School calendar options narrowed down to three
After two public meetings and several calendar committee meetings, the Pocahontas County Board of Education office has narrowed down next year’s calendar options to three. The three calendars were shared with employees, all of whom cast votes for the final version.
The task of creating a new calendar began in October when Assistant Superintendent/Director of Federal Programs Terrence Beam in- formed the board of education that the legislature had passed a law requiring all schools to have 180 days of instruction, no matter what.
Beam said through public and committee meetings, information was gathered to ensure the calendar fit the needs of all involved – from employees to students to parents.
“We took all the information from all the comments made, from the survey we did and the written comments from the public,” he said. “We took all that, shared it among the committee and tried to find some kind of consensus with it. Then we created three calendars that met as many of those [needs] as we possibly could.”
Once the three options were created, Beam sent them to the state department of education for approval.
“I didn’t see any sense in putting a calendar out that the state would refuse later, so we went ahead and sent those three calendars to the state department and all three of them were approved,” he said. “Whatever the employees select as our calendar will be approved by the state. That takes a little pressure off the board as far as trying to figure out whether or not this is going to work.”
Although the calendar probably won’t please everyone, Beam said he believes the majority of people will accept it.
“I don’t know if there will be a lot of issues,” he said. “There’ll be some. I’ve been real pleased with the number of people who have answered the survey or came out for the public meetings. I’ve talked to other counties who had eight or ten and we had sixty or so at Marlinton and maybe eighty at Green Bank, so we had really good turnouts.”
As news of the calendar spread through the county, a lot of concern was voiced concerning students attending school so late in June. Beam says that the new calendar already has make-up days built into it, so the students won’t be going more than an extra week in June.
“We attached a make-up schedule so we’ve already predetermined that when we have a snow day, we already know which day we will make it up,” he said. “That will be shared with the public. They will get that along with the calendar.
“We put into our calendars somewhere between twenty-five and thirty days to make up,” he continued. “We’ve had twenty-three [snow days] this year. We thought twenty-five was overkill, but it’s not so. We’ve earmarked thirty days on the calendar that can be used for make-up days. We did that so we would have a good idea of what’s the latest students would go. I can’t quote exactly which date but we’re talking about June 15 being the very last possible day and that’s even with twenty-five or thirty snow days, so we’re going to make up a lot of those days during the year.”
The make-up days are spread throughout the calendar and will take away from some holidays if the winter is bad.
“That’s not going to be very popular with people where they make up time at Thanksgiving,” Beam said. “We didn’t use any days during Christmas to make up but we are taking some days from Easter break.”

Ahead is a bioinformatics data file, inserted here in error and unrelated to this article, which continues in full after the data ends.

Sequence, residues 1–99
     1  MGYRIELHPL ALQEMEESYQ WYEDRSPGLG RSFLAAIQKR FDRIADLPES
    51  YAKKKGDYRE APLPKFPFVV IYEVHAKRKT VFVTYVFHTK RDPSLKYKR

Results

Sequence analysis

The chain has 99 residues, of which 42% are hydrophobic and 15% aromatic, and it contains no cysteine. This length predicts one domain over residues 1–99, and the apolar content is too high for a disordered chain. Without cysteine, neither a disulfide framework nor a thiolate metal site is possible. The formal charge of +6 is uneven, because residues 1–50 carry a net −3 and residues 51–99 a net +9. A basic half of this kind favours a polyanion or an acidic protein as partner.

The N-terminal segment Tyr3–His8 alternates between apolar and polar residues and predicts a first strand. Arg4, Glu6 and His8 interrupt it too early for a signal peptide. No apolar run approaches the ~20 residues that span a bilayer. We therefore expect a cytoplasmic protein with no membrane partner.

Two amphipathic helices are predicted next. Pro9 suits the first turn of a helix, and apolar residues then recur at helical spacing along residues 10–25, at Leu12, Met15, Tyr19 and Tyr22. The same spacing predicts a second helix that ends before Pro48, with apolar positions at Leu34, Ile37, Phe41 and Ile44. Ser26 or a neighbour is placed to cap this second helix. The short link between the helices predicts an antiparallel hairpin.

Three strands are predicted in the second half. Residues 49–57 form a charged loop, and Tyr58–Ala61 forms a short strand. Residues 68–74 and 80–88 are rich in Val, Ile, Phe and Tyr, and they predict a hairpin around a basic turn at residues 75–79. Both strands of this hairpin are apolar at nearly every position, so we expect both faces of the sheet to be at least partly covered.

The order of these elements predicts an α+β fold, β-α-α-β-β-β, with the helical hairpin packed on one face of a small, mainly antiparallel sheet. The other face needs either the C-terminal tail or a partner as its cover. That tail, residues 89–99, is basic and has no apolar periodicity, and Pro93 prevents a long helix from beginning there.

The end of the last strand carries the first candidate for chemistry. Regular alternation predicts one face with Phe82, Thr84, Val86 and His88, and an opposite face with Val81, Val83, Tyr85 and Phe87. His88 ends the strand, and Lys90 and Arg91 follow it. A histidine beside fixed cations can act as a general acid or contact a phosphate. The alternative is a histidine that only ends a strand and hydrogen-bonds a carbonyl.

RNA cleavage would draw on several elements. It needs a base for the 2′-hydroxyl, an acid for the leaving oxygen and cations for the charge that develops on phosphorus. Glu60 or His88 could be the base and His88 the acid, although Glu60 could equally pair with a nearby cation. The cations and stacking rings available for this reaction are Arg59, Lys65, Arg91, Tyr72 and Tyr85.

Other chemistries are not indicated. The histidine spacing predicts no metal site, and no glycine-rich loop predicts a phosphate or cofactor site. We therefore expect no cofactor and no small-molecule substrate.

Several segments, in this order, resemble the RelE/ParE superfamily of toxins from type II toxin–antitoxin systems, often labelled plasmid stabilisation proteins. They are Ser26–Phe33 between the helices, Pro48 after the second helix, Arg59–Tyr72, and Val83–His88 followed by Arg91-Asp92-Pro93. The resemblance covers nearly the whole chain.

The calendar also has OS days which may be used to make up snow days. OS days are Outside School Environment days which are required by the state. These days are typically used for employee training sessions.
While it might not be popular to take away vacation time that employees and students have been used to, Beam said it is out of concern for the students’ safety.
“We still have to put the safety of the students first,” he said. “No matter what the repercussions are, we don’t want a bus over the hill someplace. I know the weather can come up in a heartbeat and you don’t even see it coming.”
The board office is looking into alternatives to snow days to keep missed days at a minimum, including snow routes for buses on bad days.
“We are kicking around that idea,” he said. “If you do snow routes, every driver has to have a snow route and in some cases, that’s really difficult to do. We still have the option of doing two-hour delays, too.”
Regardless of the number of snow days missed and possible extension of the school year, graduation will not be affected.
“The law says you have to set your graduation within five instructional days of the end of school,” Beam explained. “Let’s say you set graduation as May 27 and you end up going to June 15. You don’t have to move your graduation date. It stays the same. It won’t be affected in any way.”
The employee votes will be tallied this week and the “winning” calendar will be placed on the agenda for the April 7 board of education meeting for approval.
Once the calendar is approved by the board, Beam said he is willing to have another public meeting to explain the changes made for the 2014-2015 school year.
“I would be more than willing to hold another public meeting with the approved calendar so that I can explain it bit by bit, so everyone knows what the calendar means,” he said. “We’re not required to do that, but I just think that the more communication you do with things like this, the less questions there are later.”
Beam added that the success of the calendar relies on input as well as communication and he hopes parents and employees continue to give input.
“We appreciate the interest that has been out there – the questions and even the complaints – I’d rather get that than apathy,” he said. “I think we’re in pretty good shape.”
Suzanne Stewart may be contacted at email@example.com